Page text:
The Orchid House [2009]

WINNER 2009 RIBA IOW Award

The Orchid House, St Helens


History -

The new glass house just completed on this site owes its origins to a Victorian Orchid House erected in 1895 by a Mr Spindler, owner of the Old Park Estate.

Orchid growing was a Victorian passion requiring the latest technology: prefabricated cast iron green houses heated by coal fired boilers manufactured, in this case, by Boulton and Paul of Norwich.

The original Orchid House fell into disrepair and vanished to the extent that it does not even appear on the 1951 Ordnance Survey.

40 plus years later the site was cleared revealing a substantial brick vaulted basement housing the original plant and carrying the original tiled floor and planting troughs.

Orchid House, St Helens, Isle of Wight, Architecture


Design - 

My clients purchased the site in 2004 with a Planning consent to re-erect a (totally impractical) single glazed Victorian pastiche glass house for residential use.

My brief was simple in theory: negotiate with the local authority and obtain statutory consents for a modern glass house to be erected on the original footprint of the extant Victorian brick and stone basement which would be converted to studio and workshop space for the artist client.

The house evokes the original Orchid House without slavishly re-creating the Victorian original, a point that the local planners found it difficult to accept, resulting in a considerable, un-necessary and frustrating delay to the project.

The internal layout was designed primarily by the client who is a designer and also project managed the build. Four principle spaces: Kitchen/Diner; Hall; Lounge; Conservatory flow into each other via wide sliding oak doors that disappear into slots in the walls. All the principle rooms face South towards the sea, views being framed by the trees lining Old Park Road. Service, Utility, Cloaks and Storage areas line the North elevation facing the cliff.

The stair rising from the hall which is open to the roof links the ground floor to four bedrooms and a bathroom at first floor level accessed off an open gallery. The two principle bedrooms at either end of the house have their own en-suite facilities.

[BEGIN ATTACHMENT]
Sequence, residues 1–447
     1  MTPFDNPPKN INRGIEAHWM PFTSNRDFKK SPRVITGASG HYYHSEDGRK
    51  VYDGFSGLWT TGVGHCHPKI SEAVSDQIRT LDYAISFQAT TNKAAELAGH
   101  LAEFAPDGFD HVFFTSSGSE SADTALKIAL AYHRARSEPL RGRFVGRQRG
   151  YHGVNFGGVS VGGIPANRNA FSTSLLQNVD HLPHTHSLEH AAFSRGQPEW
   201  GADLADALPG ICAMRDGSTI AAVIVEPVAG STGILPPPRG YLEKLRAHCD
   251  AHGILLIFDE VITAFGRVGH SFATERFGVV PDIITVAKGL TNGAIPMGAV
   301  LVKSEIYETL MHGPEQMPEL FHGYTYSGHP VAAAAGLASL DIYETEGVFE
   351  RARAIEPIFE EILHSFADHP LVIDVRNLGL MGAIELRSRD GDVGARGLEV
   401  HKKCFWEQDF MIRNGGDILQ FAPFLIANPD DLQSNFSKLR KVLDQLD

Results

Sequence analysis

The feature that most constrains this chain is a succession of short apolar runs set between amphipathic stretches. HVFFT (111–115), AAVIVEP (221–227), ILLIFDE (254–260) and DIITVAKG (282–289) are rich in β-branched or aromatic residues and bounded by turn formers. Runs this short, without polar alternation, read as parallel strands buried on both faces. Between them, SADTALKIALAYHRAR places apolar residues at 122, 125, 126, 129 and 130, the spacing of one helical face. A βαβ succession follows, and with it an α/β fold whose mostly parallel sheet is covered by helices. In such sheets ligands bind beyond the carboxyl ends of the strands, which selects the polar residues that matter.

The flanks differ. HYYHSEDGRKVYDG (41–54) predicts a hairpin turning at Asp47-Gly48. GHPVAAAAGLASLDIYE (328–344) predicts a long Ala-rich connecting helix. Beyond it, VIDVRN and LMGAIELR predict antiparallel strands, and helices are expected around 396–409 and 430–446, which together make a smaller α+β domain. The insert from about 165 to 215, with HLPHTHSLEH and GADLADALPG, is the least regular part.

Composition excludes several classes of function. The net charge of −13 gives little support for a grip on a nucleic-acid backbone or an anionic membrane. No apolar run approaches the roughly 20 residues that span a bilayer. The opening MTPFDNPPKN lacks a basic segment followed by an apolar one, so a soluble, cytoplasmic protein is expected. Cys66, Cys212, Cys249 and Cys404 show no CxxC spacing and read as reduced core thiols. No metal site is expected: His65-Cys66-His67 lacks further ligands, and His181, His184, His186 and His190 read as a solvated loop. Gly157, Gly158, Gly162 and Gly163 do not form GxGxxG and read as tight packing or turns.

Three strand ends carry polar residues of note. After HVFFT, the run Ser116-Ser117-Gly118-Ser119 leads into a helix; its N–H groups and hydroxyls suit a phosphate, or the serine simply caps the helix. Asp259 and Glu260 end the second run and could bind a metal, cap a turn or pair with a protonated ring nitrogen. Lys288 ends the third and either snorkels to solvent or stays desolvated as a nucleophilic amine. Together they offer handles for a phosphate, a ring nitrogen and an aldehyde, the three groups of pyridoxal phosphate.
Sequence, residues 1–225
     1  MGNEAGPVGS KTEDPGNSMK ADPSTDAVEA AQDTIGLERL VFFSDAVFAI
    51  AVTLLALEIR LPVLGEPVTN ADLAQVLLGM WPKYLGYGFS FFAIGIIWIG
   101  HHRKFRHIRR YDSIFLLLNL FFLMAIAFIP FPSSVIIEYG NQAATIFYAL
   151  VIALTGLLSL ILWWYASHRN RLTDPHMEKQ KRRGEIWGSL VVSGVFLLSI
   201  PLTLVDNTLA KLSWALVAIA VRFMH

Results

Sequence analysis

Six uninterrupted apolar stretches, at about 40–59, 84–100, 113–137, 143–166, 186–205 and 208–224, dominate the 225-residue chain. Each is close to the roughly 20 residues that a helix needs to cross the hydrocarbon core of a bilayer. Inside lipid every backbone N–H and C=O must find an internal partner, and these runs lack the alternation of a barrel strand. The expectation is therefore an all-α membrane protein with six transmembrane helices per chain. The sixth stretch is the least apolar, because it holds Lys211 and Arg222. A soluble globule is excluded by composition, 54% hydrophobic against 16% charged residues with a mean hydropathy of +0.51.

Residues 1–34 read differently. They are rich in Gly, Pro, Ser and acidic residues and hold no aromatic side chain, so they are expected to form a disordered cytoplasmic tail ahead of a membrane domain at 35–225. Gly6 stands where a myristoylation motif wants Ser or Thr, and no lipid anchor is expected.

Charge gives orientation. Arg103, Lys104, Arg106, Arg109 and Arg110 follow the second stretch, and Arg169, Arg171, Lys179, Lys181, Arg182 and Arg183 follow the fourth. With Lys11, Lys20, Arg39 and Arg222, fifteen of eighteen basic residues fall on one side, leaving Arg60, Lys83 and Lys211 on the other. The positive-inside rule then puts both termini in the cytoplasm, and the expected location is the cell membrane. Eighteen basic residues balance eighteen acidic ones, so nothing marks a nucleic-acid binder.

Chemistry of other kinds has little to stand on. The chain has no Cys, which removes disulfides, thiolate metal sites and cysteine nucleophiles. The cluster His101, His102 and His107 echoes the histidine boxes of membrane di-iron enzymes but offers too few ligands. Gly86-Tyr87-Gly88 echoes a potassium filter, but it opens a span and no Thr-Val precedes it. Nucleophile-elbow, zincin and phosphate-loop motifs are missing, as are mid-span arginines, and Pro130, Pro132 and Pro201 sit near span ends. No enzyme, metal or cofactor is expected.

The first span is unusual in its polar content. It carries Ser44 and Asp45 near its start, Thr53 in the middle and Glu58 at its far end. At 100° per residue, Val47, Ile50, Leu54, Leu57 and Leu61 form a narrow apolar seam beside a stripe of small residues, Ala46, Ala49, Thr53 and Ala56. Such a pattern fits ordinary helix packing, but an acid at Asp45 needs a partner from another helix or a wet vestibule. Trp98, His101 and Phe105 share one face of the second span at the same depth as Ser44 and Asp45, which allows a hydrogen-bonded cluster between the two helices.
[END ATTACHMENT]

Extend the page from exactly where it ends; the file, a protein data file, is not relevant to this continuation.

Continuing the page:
The major intervention so far as the existing site was concerned was to excavate down to basement level at the front of the property to create a shallow pool to allow sunlight and dappled reflections to enter the artist’s studio and provide a private external terrace on the otherwise public side of the building.

Orchid House, St Helens, Isle of Wight, Architecture


Technical -

Technical points of interest are the high performance glazing system by Solaglas using self-cleaning glass. Underfloor perimeter heating throughout removes the need for radiators which would be visually intrusive against the glass walls.

The impractical glass roof of the original planning approval was substituted for a heavily insulated natural slate roof to compensate for the glass walls and avoid massive thermal losses.

Thermal mass was achieved through the introduction of new load bearing masonry cross walls, West gable end and rear North wall constructed in rendered blockwork. A new 200mm reinforced concrete slab was cast over the original brick vaults.

Despite all the glass the house provides a very comfortable even temperature, the clients report that heating is only required on the coldest of winter days.

The large expanses of wall provide hanging space for the client’s huge canvases and enclose spaces large enough to accommodate their collection of sculpture and furniture as can be seen in the attached photographs.

Orchid House, Isle of Wight, St Helens, Architecture

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